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But why should I linger over matters which are so evident, when I ought to be attacking points on which they seek to obscure the plainest proof? For, confuted on all sides on the distinction between the Father and the Son, which we maintain without destroying their inseparable union—as (by the examples) of the sun and the ray, and the fountain and the river—yet, by help of (their conceit) an indivisible number, (with issues) of two and three, they endeavour to interpret this distinction in a way which shall nevertheless tally with their own opinions: so that, all in one Person, they distinguish two, Father and Son, understanding the Son to be flesh, that is man, that is Jesus; and the Father to be spirit, that is God, that is Christ. Thus they, while contending that the Father and the Son are one and the same, do in fact begin by dividing them rather than uniting them. For if Jesus is one, and Christ is another, then the Son will be different from the Father, because the Son is Jesus, and the Father is Christ. Such a monarchy as this they learnt, I suppose, in the school of Valentinus, making two—Jesus and Christ. But this conception of theirs has been, in fact, already confuted in what we have previously advanced, because the Word of God or the Spirit of God is also called the power of the Highest, whom they make the Father; whereas these relations are not themselves the same as He whose relations they are said to be, but they proceed from Him and appertain to Him. However, another refutation awaits them on this point of their heresy. See, say they, it was announced by the angel: “Therefore that Holy Thing which shall be born of thee shall be called the Son of God.” Therefore, (they argue,) as it was the flesh that was born, it must be the flesh that is the Son of God. Nay, (I answer,) this is spoken concerning the Spirit of God. For it was certainly of the Holy Spirit that the virgin conceived; and that which He conceived, she brought forth. That, therefore, had to be born which was conceived and was to be brought forth; that is to say, the Spirit, whose “name should be called Emmanuel which, being interpreted, is, God with us.” Besides, the flesh is not God, so that it could not have been said concerning it, “That Holy Thing shall be called the Son of God,” but only that Divine Being who was born in the flesh, of whom the psalm also says, “Since God became man in the midst of it, and established it by the will of the Father.” Now what Divine Person was born in it? The Word, and the Spirit which became incarnate with the Word by the will of the Father. The Word, therefore, is incarnate; and this must be the point of our inquiry: How the Word became flesh,—whether it was by having been transfigured, as it were, in the flesh, or by having really clothed Himself in flesh. Certainly it was by a real clothing of Himself in flesh. For the rest, we must needs believe God to be unchangeable, and incapable of form, as being eternal. But transfiguration is the destruction of that which previously existed. For whatsoever is transfigured into some other thing ceases to be that which it had been, and begins to be that which it previously was not. God, however, neither ceases to be what He was, nor can He be any other thing than what He is. The Word is God, and “the Word of the Lord remaineth for ever,”—even by holding on unchangeably in His own proper form. Now, if He admits not of being transfigured, it must follow that He be understood in this sense to have become flesh, when He comes to be in the flesh, and is manifested, and is seen, and is handled by means of the flesh; since all the other points likewise require to be thus understood. For if the Word became flesh by a transfiguration and change of substance, it follows at once that Jesus must be a substance compounded of two substances—of flesh and spirit,—a kind of mixture, like electrum, composed of gold and silver; and it begins to be neither gold (that is to say, spirit) nor silver (that is to say, flesh),—the one being changed by the other, and a third substance produced. Jesus, therefore, cannot at this rate be God for He has ceased to be the Word, which was made flesh; nor can He be Man incarnate for He is not properly flesh, and it was flesh which the Word became. Being compounded, therefore, of both, He actually is neither; He is rather some third substance, very different from either. But the truth is, we find that He is expressly set forth as both God and Man; the very psalm which we have quoted intimating (of the flesh), that “God became Man in the midst of it, He therefore established it by the will of the Father,”—certainly in all respects as the Son of God and the Son of Man, being God and Man, differing no doubt according to each substance in its own especial property, inasmuch as the Word is nothing else but God, and the flesh nothing else but Man. Thus does the apostle also teach respecting His two substances, saying, “who was made of the seed of David;” in which words He will be Man and Son of Man. “Who was declared to be the Son of God, according to the Spirit;” in which words He will be God, and the Word—the Son of God. We see plainly the twofold state, which is not confounded, but conjoined in One Person—Jesus, God and Man. Concerning Christ, indeed, I defer what I have to say. (I remark here), that the property of each nature is so wholly preserved, that the Spirit on the one hand did all things in Jesus suitable to Itself, such as miracles, and mighty deeds, and wonders; and the Flesh, on the other hand, exhibited the affections which belong to it. It was hungry under the devil’s temptation, thirsty with the Samaritan woman, wept over Lazarus, was troubled even unto death, and at last actually died. If, however, it was only a tertium quid, some composite essence formed out of the Two substances, like the electrum (which we have mentioned), there would be no distinct proofs apparent of either nature. But by a transfer of functions, the Spirit would have done things to be done by the Flesh, and the Flesh such as are effected by the Spirit; or else such things as are suited neither to the Flesh nor to the Spirit, but confusedly of some third character. Nay more, on this supposition, either the Word underwent death, or the flesh did not die, if so be the Word was converted into flesh; because either the flesh was immortal, or the Word was mortal. Forasmuch, however, as the two substances acted distinctly, each in its own character, there necessarily accrued to them severally their own operations, and their own issues. Learn then, together with Nicodemus, that “that which is born in the flesh is flesh, and that which is born of the Spirit is Spirit.” Neither the flesh becomes Spirit, nor the Spirit flesh. In one Person they no doubt are well able to be co-existent. Of them Jesus consists—Man, of the flesh; of the Spirit, God—and the angel designated Him as “the Son of God,” in respect of that nature, in which He was Spirit, reserving for the flesh the appellation “Son of Man.” In like manner, again, the apostle calls Him “the Mediator between God and Men,” and so affirmed His participation of both substances. Now, to end the matter, will you, who interpret the Son of God to be flesh, be so good as to show us what the Son of Man is? Will He then, I want to know, be the Spirit? But you insist upon it that the Father Himself is the Spirit, on the ground that “God is a Spirit,” just as if we did not read also that there is “the Spirit of God;” in the same manner as we find that as “the Word was God,” so also there is “the Word of God.”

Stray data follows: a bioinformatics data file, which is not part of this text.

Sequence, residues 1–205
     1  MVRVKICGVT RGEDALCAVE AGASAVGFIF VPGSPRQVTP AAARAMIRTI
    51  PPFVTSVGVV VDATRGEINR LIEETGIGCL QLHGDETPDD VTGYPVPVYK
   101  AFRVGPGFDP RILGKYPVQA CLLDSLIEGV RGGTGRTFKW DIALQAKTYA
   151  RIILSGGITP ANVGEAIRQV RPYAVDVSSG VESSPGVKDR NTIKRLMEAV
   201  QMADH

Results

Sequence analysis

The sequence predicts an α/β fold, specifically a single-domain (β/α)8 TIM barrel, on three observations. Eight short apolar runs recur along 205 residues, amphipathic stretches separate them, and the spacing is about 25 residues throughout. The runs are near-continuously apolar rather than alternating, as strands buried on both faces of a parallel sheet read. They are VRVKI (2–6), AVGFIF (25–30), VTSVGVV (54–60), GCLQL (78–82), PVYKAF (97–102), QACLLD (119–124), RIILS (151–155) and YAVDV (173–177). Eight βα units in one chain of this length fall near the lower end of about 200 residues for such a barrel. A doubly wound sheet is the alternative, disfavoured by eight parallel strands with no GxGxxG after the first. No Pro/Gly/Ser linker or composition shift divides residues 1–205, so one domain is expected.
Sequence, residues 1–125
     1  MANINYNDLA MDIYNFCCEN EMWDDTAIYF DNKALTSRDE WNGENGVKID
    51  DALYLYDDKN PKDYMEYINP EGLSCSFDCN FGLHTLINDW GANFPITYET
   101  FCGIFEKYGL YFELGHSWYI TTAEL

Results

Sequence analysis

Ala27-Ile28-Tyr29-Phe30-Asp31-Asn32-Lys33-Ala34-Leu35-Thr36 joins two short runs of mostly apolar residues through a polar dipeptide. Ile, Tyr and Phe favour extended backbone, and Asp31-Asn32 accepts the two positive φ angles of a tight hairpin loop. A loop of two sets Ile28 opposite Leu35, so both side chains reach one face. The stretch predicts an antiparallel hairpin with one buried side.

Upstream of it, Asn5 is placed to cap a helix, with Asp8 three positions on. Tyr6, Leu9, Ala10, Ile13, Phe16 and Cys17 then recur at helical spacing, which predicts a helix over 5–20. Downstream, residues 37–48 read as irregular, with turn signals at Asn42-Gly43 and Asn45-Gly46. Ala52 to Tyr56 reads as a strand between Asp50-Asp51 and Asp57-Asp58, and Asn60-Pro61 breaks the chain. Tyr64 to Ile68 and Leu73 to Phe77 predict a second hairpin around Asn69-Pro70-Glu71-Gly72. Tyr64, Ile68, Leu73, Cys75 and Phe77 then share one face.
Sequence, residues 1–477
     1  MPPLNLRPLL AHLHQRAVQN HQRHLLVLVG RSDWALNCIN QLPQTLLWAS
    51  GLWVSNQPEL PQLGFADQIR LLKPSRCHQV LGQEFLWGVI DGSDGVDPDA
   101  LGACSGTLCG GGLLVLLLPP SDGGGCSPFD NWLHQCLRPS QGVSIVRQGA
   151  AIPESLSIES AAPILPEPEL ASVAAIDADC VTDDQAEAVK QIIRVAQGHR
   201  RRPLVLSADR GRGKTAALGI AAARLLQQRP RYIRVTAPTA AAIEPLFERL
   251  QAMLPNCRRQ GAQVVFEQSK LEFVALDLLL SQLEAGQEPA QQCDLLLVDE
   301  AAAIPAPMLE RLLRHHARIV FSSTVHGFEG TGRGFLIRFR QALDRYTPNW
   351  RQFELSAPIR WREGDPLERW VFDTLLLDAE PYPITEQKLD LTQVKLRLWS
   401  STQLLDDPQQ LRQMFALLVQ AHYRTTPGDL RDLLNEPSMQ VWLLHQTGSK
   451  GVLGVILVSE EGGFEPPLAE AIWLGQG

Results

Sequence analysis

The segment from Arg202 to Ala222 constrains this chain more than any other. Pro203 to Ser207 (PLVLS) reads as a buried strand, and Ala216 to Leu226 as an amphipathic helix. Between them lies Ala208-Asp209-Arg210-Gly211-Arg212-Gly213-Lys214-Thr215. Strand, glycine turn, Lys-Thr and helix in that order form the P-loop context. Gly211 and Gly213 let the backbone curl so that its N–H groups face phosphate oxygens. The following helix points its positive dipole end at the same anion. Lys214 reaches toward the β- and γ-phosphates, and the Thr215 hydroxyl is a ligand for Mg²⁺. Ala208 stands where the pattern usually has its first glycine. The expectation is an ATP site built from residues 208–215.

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Two Natures of Christ
Original Latin Text
Patrologiae Latinae Cursus Completus